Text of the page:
Sustainable Energy

Fall 2023 Inventing tomorrow
One wind turbine in a green field

Is green still greener?

$20+ million for cleaner, steady, and affordable ammonia supply

Everyone’s talking about ammonia. It’s a leading candidate in Earth’s race to decarbonize. The pungent gas does not emit carbon dioxide when burned, but making it requires electricity, which current manufacturers typically generate from fossil fuels like coal or natural gas. Prodromos Daoutidis is one of many researchers across the University of Minnesota who’s working on ways to green the process.

“Ammonia is really responsible for feeding the world,” said Daoutidis, professor of chemical engineering and materials science. “It’s produced at a massive scale—200 million tons per year—and it’s used as the basis for fertilizers that can dramatically increase crop yields. If you look at the rate that ammonia production is growing, it really follows the rate of the population growth.”

Yet, he adds, the industry is responsible for 500 metric tons of CO2 per year and nearly two percent of greenhouse gas emissions and fossil energy consumption.

 Ammonia that’s 100 percent powered by renewables isn’t a new concept. It just hasn’t been a feasible, commercial option. Daoutidis hopes to change that.

“If you produce a chemical at a large scale, your rate of production is constant. It operates at a steady state as we say,” he explained. “In the case of green ammonia, because your feedstock is the wind or the sun, the feed stock fluctuates. This means you need a hugely oversized storage of hydrogen or a hugely oversized battery if you try to operate the system at a constant rate.”

His research group has developed new design and operation algorithms that adjust for intermittency.

“To build such a system, you cannot do a cookie-cutter design. You have to look at the particular location, wind or sun profile, and price of the electricity from that wind and sun capacity,” said Daoutidis, recipient of the 2023 AIChE Sustainable Engineering Forum Research Award for his significant technical contributions relative to the sustainability of products, processes, or the environment. “You also need to regularly adjust the level of production and create new safety precautions with regards to pressure or temperature, which will increase or decrease as you change the production rate.”

Demonstration studies will be conducted at the U’s West Central Research and Outreach Center inMorris—site of the world’s first wind-to-hydrogen and ammonia model plant.

The project builds on previous UMN green ammonia studies funded by the U.S. Department of Energy, totaling over $20 million. It also involves other colleagues in chemical engineering and materials (Qi Zhang, Alon McCormick, Paul Dauenhauer), plus faculty in mechanical engineering (Will Northrop), electrical engineering (Sairaj Dhople), and the Hubert H. Humphrey School of Public Affairs (E. Harrington).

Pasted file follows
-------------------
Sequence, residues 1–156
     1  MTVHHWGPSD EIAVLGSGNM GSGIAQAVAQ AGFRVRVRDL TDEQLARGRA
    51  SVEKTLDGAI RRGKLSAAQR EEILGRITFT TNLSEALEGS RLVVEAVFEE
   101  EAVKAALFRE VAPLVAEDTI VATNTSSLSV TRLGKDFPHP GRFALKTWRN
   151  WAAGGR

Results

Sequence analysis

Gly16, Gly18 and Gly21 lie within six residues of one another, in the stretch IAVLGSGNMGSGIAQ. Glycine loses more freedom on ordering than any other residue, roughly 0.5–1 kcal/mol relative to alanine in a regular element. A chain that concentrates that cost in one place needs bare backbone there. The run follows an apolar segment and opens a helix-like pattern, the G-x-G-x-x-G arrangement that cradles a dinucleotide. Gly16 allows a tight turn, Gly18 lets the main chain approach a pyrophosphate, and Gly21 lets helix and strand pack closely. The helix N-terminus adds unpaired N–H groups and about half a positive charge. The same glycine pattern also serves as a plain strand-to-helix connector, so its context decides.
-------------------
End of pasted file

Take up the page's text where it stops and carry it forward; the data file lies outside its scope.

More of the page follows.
International industry partners include Casale Switzerland and Shell.

“We definitely see potential for using renewable ammonia for large-scale storage of renewable energy, grid stabilization, regional-scale sustainable agriculture and energy, and community-scale applications,” Daoutidis said. “Minnesota has a huge tradition in ammonia. We have the experts and the infrastructure to be a world leader.”


 A computer modeling of a wind turbine in the ocean
Professor Lian Shen continues to pioneer research in wind energy with the mathematical modeling of a floating wind turbine. Photo credit: Lian Shen


In deep, off shore

Simulations target wind turbine performance and stability

Nearly a decade ago, Lian Shen’s research group pioneered the use of computer simulation in the study of wind and wave interactions. Now he’s added another element to that mathematical modeling—a wind turbine that floats.

“Offshore wind energy is the next frontier. It is an important part in the future of renewable energy, with the potential to generate over 2,000 GW of capacity per year just in the U.S.,” said Shen, the Kenneth T. Whitby Professor of Mechanical Engineering who directs the U’s St. Anthony Falls Laboratory.

Most offshore turbines today are built in shallow waters or close to shore, with a fixed-bottom foundation and 6 to 10 megawatts (MW) of power. Shen and his colleagues are focused on those built in deep, open water. These 10 to 15 MW monsters with rotor diameters up to 240 meters will appear over the next 10 years, according to a report by the National Offshore Wind Research and Development Consortium, as shallow sites become scarcer.